laogai


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laogai

(ˈlaʊˌɡaɪ)
n
(Law) a forced labour camp in China, run as part of its criminal justice system

lao•gai

(ˈlaʊˈgaɪ)
n.
the system of forced-labor camps, prisons, etc., in China.
[1990–95; < Chinese: literally, reform through labor]
References in periodicals archive ?
Much of the money set aside for the Yahoo Human Rights Trust Fund were diverted to the Laogai Human Rights Organization and the Laogai Research Foundation, both (https://projects.
Burma's Commander-in-Chief Snr-Gen Min Aung Hlaing says there is "no prospect for peace" with the ethnic Kokang militants of the Myanmar National Democratic Alliance Army (MNDA) as it was they who provoked fighting in Laogai by attacking government forces first.
Sponsored by the Pioneer Institute and several partner organizations, it featured three Pulitzer Prize-winning authors -- Anne Applebaum, Edmund Morris and William Taubman -- as well as a pair of retired social studies teachers, JFK Library Director Thomas Putnam, and Harry Wu, the founder and director of the Laogai Research Foundation, and a man who survived 19 years in Chinese prison camps.
15) See for example, "Wishful Thinking: Tibet in the Face of Communist China's War against Autonomy," Laogai Research Foundation.
Goods produced in China's Laogai forced labour camps "should not benefit from investments made under this bilateral investment agreement" say MEPs.
Beneath its veneer of modernity and order, Chinese politics is still a graft-ridden spoils game and the Communist Party, with its secret police and laogai, is still autocratic and unaccountable.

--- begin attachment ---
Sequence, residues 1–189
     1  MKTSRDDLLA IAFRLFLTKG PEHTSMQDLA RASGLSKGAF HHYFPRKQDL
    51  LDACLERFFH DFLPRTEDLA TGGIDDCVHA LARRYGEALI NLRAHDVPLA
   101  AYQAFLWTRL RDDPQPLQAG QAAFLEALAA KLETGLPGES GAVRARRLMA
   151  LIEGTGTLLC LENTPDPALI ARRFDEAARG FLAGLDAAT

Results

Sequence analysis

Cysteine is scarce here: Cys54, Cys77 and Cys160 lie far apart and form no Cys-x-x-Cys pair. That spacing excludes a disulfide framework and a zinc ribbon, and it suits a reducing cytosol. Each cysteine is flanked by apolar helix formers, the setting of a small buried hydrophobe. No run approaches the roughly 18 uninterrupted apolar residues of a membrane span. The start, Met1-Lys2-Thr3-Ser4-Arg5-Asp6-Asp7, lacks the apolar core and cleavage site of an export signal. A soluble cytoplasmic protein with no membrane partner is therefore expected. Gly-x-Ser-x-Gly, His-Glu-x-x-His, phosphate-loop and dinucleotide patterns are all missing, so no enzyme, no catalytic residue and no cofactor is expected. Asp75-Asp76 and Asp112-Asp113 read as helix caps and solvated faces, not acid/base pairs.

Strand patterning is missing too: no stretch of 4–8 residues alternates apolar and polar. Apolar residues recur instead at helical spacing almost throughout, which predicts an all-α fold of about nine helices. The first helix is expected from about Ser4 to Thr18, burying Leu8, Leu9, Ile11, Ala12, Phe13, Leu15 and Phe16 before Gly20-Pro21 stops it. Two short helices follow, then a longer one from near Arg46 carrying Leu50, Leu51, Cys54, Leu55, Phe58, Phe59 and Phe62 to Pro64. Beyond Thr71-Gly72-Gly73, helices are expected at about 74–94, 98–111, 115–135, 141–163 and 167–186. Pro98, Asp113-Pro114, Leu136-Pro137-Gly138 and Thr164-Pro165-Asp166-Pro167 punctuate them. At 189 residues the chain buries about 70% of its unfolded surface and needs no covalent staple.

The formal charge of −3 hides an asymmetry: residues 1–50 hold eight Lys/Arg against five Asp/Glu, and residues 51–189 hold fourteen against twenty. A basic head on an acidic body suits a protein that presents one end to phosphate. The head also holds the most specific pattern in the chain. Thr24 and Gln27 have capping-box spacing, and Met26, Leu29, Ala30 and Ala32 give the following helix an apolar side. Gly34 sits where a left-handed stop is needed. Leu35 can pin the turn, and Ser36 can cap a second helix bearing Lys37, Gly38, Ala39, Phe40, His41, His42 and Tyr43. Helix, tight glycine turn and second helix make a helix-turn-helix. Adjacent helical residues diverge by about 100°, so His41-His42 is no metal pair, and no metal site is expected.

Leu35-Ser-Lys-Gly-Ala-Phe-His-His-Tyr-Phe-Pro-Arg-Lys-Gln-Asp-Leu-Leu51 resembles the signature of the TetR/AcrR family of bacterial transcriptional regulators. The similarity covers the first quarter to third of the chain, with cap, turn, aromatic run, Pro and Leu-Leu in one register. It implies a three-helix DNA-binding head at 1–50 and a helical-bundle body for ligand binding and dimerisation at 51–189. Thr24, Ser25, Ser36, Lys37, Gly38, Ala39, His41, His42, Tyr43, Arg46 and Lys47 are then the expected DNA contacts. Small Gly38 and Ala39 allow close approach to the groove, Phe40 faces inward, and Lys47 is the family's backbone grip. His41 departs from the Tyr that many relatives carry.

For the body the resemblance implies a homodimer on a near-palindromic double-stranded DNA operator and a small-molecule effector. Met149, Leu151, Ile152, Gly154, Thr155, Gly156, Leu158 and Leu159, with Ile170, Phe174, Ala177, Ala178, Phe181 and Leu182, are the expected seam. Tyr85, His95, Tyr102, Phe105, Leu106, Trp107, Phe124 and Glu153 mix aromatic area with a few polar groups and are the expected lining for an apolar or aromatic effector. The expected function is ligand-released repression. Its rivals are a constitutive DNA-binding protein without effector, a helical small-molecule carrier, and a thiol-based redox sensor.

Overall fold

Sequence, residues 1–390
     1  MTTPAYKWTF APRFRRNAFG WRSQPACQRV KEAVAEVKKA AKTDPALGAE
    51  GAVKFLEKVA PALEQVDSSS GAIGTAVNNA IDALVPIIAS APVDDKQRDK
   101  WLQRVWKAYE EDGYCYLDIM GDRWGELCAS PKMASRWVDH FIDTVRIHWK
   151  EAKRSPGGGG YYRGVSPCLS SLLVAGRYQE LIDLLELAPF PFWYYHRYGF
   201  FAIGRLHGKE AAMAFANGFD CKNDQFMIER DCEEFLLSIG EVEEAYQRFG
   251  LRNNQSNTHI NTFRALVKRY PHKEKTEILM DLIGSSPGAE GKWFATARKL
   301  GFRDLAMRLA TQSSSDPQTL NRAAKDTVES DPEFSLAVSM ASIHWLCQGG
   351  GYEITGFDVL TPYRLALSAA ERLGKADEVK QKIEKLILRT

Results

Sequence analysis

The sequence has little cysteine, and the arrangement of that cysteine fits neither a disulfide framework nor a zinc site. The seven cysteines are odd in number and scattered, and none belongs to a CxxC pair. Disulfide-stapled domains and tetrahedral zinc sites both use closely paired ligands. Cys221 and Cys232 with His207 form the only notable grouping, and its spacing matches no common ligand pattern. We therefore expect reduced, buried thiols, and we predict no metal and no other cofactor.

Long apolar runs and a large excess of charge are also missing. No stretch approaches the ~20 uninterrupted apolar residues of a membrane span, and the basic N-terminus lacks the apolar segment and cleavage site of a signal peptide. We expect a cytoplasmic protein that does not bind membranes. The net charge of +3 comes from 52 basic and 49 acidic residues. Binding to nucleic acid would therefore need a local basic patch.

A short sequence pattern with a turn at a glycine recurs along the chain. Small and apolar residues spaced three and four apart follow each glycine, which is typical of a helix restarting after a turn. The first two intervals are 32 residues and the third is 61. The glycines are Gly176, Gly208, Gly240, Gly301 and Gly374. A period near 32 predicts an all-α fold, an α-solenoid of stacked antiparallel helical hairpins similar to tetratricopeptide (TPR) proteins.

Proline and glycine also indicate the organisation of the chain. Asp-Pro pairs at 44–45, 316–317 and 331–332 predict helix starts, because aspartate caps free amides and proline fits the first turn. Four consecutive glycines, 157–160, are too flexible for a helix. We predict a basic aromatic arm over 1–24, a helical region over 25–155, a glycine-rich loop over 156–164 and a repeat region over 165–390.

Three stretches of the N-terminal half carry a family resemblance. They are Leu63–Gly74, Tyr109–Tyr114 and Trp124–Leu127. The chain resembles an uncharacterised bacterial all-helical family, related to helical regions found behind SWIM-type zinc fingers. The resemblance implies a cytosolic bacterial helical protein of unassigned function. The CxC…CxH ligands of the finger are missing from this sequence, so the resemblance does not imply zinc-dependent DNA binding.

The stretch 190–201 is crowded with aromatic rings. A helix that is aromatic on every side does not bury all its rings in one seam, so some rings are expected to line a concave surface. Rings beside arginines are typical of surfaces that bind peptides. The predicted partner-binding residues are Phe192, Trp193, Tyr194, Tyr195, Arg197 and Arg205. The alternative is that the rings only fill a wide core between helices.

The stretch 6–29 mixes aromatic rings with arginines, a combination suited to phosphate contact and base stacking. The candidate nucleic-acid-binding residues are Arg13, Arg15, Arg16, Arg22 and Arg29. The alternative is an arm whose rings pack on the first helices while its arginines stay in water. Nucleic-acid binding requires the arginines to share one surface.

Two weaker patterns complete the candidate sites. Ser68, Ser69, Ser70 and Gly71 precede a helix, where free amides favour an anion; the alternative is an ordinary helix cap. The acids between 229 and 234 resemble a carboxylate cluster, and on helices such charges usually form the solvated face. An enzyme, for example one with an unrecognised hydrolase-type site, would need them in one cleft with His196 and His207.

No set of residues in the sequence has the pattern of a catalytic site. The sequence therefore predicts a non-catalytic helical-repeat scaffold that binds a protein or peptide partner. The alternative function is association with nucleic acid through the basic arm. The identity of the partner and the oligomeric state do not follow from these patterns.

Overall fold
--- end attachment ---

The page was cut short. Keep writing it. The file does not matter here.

For foreign scholars, the distinction between laojiao and laogai is particularly confusing (Belkin 2000, 9).
It is extremely difficult to establish precisely which products imported from China into the EU have been manufactured in laogai," commented Fule.
The official informs the man that, according to the laws of communist China, if he prints one "unfavorable" word about the government, he will be placed in a laogai (a "reeducation" prison).
Small traders sell apples from China out of carts on the side of the road; the area's capital, Laogai, is a seedy town with open-air markets and several shabby casinos catering to local tourists.
The text of Laogai discusses in depth human rights problems deeply affecting China, from issues of freedom of expression to religious freedom, police brutality, and the omnipresent threat of ruthless state execution.
Myanmar groups in exile say the fighting began after the Myanmar military took control of facilities run by the Kokang Myanmar National Democratic Alliance Army (MNDAA), in Laogai, the capital of Shan.